Coke Studio will be releasing the sixth and final episode of Season 12 on 29th November 2019, featuring Bo Giyam by Kashif Din and Nimra Rafiq, Mundiya by Ali Sethi and Quratulain Balouch, Aaye Kuch Abr by Atif Aslam, and Tiri Pawanda by Harsakhiyan.
Newcomer Kashif Din has traveled all the way to Coke Studio from Hunza with Bo Giyam, an original composition with Burushaski lyrics written by Nas Nafees, a poet who also hails from the same valley. Fusing the folk music of Hunza with contemporary colors, Bo Giyam is a song of heartbreak and disappointment. Its lyrics express the speaker’s complaint, wrapping his grief in images of nature: seeds that they have sowed, only to watch them ripen in someone else’s garden, fruits that have fallen in another’s home, the desolation of mountains. Joining Kashif on stage is Coke Studio’s family member and backing vocalist Nimra Rafiq, who adds Urdu lyrics to the composition, echoing the yearning that is being expressed in the song’s Burushaski lyrics. Fusing the traditional with the contemporary, Burushaski with Urdu, Bo Giyam creates a space that invites the listener to feel the gentle longing of its poet’s sorrow.
“When the world came into existence, so did music. There is music in everything. There is a scale in every voice. Everything moves to timing. Our whole lives move to a beat and even the heartbeats to a specific time. As far as I’m concerned, the entire world is music.” said Kashif Din.
“It feels nice to have reached this stage and to look back and think of the struggles I had faced as a musician. It doesn’t feel bad; it feels like it was worth it,” said Nimra Rafiq.
Rediscovering coy banter between romantic partners from the film Mukhra, 40 years later Ali Sethi and Quratulain Balouch take the stage with the festive Mundiya. Originally titled Mundiya Dupatta Chadd Mera, the song was sung by the iconic Madam Noor Jahan and Nadeem Baig and composed by Wajahat Attre. The lyrics tell the story of two strong-willed characters in a flirtatious back and forth conversation with each other. Enamored by the original, Ali heard something in Quratulain’s voice, a “khanak” (trill) that reminded him of Madam Noor Jehan’s bold, uninhibited, “Mundiyaaaa,” from the original song. What began as a chance studio jam between the artists turned into the genesis of Coke Studio’s Mundiya. The character’s conversation is complemented by the contrasting vocal tones of the two artists at play — Quratulain’s open, uninhibited vocals juxtaposed next to Ali’s more controlled, calculated vocal movements exhibit the ebb and flow of the song. To accentuate the energy between the characters, the song is playful and cheeky, with flamenco elements that create a colorful soundscape.
“Music has enabled me to feel. It has simplified emotions for me. It has helped me understand life.” said Quratulain Balouch.
Aaye Kuch Abr:
Answering the call of an artist’s search for personal expression, this season, Faiz Ahmed Faiz’s poetry is incarnated in the voice of Atif Aslam with Aaye Kuch Abr. Originally performed by the Mehdi Hassan Khan, the ghazal speaks of solitude, the sorrow of missing one’s love and finding personal solace in life’s little pleasures. For Atif, this was a personal undertaking as an artist as he connected to the words, finding beauty in the lyrics and inspiration in Mehdi Hassan’s original. A personal reflection of Faiz’s inner state during his imprisonment in Hyderabad Jail, the song’s poetic depth provides a space for one to find the common humanity in their difficult emotions. A challenge that Atif did not shy from, the singer creates this rendition not with the intention to replicate what Mehdi Hassan accomplished with the piece but to cherish its beauty and carry its tradition forward into the world. “Before you even touch a piece like this,” he acknowledges, “you think twice. But the work of legends is not meant to be feared.” With the respect that is due to the artists of bygone eras, Atif Aslam wants to share with today’s generations the artistic wealth and legacy that these artists have brought to the world.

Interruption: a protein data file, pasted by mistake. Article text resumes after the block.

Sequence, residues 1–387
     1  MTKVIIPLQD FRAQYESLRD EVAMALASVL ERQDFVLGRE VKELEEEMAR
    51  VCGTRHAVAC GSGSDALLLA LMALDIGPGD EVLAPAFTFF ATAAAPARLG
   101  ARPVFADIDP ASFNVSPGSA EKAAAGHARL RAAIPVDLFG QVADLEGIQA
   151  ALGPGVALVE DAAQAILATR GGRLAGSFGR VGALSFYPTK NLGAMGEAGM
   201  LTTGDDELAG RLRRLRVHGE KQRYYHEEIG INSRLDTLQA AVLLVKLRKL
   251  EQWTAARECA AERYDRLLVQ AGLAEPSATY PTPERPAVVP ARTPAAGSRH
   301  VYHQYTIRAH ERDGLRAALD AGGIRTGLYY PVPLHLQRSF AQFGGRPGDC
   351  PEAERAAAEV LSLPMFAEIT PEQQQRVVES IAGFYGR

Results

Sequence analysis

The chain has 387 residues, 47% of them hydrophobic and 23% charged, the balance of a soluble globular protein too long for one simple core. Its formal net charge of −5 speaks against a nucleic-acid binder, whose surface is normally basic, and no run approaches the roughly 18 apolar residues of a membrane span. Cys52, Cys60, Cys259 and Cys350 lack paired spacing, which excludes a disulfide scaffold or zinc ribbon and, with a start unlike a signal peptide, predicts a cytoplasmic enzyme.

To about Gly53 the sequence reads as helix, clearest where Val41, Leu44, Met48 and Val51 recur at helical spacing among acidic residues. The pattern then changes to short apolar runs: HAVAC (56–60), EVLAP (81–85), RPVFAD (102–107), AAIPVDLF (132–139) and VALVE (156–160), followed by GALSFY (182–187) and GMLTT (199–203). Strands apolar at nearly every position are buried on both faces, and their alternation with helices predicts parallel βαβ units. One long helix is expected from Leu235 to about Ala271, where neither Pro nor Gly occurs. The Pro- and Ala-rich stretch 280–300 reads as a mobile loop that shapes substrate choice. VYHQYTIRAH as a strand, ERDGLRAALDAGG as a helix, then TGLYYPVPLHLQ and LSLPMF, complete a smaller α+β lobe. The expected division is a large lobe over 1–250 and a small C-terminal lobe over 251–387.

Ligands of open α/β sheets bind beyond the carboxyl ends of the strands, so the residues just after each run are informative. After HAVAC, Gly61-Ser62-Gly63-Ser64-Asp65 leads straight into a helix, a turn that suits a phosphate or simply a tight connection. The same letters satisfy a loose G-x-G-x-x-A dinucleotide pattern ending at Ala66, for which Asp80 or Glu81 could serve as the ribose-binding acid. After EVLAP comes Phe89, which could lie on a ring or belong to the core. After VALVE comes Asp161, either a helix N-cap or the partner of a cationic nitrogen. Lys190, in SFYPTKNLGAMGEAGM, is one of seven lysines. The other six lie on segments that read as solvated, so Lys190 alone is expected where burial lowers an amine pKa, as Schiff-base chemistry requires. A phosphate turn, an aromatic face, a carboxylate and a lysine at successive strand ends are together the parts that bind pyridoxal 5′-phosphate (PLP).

Verses were written by Shaikh Ayaz to find expression in the voices of Harsakhiyan, a trio of sisters hailing from Lahore, as they sing Tiri Pawanda on this season of Coke Studio. While the poetry of the song is contemporary, it is set to a musical arrangement that was composed by the Sufi saint Shah Abdul Latif Bhittai, which has been handed down through history in his collection of work, the Shah Jo Risalo. Tiri Pawanda bemoans separation but is laced with a deep sense of hope, painting a picture of nature’s ever-changing cycles and seasons — as seasons change and colors return to flowers, and birds return from their migrations, the poet hopes to meet their beloved once more. Joined together with a stanza that is addressed as a complaint to an absentee lover, Tiri Pawanda is presented in an ambient, spacey soundscape that invites audiences to ponder upon the meanings woven into its verses.
“Music is a part of nature and we are an instrument of nature. The voice that comes out of you is nature, it is otherworldly, how can you have a right over it? Your voice belongs to nature and God. You can thank Him for it but you can’t claim it.” said Harsakhiyan.